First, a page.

When just beginning or transferring to a college, students may be required to take a college placement exam that includes math, reading and writing tests. As part of the writing exam, students are expected to write an argumentative essay that states a clear position and provides analysis and evidence. The exam is rated and evaluated by faculty members at the college, and the scores determine into which level English course each student is placed.
Most college placement essays require students to read a set of circumstances and formulate an argument based on those circumstances. Often the prompts for college placement exams involve community- and school-related issues. Once you have carefully read and understood the prompt, decide which position you will take in your essay. Then take a few minutes to plan the basic structure, or outline, of the essay before you write it. Begin by writing a clear thesis statement -- a single sentence that sums up the main point of your entire essay. Then jot down and plan the order of the main supporting point and evidence you will present in the essay.
Writing the Essay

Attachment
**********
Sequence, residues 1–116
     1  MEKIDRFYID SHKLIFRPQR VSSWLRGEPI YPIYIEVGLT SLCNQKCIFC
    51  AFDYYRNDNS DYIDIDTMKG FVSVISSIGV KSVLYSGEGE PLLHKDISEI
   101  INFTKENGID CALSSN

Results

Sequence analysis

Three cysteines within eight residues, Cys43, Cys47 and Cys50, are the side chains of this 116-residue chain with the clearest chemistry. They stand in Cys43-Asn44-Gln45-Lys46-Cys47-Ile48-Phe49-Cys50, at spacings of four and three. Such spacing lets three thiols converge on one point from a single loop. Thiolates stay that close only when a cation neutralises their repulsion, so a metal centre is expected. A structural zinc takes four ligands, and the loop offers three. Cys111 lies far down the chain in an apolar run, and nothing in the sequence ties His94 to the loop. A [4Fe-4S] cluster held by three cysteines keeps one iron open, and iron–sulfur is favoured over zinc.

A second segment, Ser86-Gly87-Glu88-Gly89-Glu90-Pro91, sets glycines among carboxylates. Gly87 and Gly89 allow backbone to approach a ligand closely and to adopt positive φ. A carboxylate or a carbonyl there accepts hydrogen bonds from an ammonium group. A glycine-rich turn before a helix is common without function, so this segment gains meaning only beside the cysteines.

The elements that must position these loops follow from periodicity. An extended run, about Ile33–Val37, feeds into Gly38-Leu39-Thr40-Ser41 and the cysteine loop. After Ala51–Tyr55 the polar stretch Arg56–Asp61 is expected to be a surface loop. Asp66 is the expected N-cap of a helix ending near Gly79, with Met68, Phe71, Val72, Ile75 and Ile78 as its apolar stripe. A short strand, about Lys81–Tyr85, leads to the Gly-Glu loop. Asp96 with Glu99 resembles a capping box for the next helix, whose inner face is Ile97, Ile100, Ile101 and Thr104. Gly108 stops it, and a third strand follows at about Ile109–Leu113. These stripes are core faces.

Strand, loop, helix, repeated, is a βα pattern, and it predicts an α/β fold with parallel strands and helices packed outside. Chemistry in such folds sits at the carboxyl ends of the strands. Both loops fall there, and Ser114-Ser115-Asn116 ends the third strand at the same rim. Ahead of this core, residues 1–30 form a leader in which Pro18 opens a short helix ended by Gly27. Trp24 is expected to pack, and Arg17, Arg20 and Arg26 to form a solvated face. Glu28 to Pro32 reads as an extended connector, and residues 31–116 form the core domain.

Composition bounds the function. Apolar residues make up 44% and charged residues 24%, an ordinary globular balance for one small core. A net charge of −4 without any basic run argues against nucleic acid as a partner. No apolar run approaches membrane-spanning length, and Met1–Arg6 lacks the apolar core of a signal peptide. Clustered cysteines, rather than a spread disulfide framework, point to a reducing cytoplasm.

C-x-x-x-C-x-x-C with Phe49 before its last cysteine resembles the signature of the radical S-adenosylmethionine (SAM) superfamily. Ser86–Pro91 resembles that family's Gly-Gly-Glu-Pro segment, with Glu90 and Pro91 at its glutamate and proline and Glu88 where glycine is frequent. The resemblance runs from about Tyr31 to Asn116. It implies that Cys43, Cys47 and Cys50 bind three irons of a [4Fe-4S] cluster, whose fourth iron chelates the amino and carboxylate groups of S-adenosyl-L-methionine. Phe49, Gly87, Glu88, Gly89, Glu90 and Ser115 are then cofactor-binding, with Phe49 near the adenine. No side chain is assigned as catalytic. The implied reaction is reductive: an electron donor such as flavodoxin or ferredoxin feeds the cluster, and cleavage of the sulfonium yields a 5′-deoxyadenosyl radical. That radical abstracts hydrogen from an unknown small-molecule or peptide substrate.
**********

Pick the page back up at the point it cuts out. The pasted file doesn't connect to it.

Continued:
Typically, the essay portion of a college placement exam should be structured in a five-paragraph format consisting of an introduction, three body paragraphs and a conclusion. The thesis statement should be placed in the introduction and all subsequent information should directly support -- with explanation, analysis and specific examples -- the thesis statement. For example, if you are arguing that school days should be lengthened for public schools, you can support your claim with the following reasons: working parents will benefit from having their children stay longer in school, students will have fewer opportunities to get into trouble and students will be better prepared for college as a result of the additional schooling. Make certain as you write that each body paragraph's central idea is distinct from the others while still proving the thesis statement.
Part of the score of the college placement essay is determined by grammar, spelling and clarity of structure. Once you have completed the essay, take a few minutes to carefully read through it and proofread the text for errors. Reviewing the essay before you submit it also provides you the opportunity to develop or clarify the sub-arguments. Take time to read through and polish the essay to improve your chances of earning a higher score.
A key strategy in the college placement exam essay is to take full advantage of all the time that is allotted. By managing your time wisely, you can allow sufficient time to plan, compose and proofread the essay before you submit it. Typically, each student is allowed 60 to 90 minutes to read the prompt, as well as to plan, write and review the essay. Keep your eye on the clock and allot at least 5 to 10 minutes at the start and the end of the allotted time to properly complete your pre- and post-writing.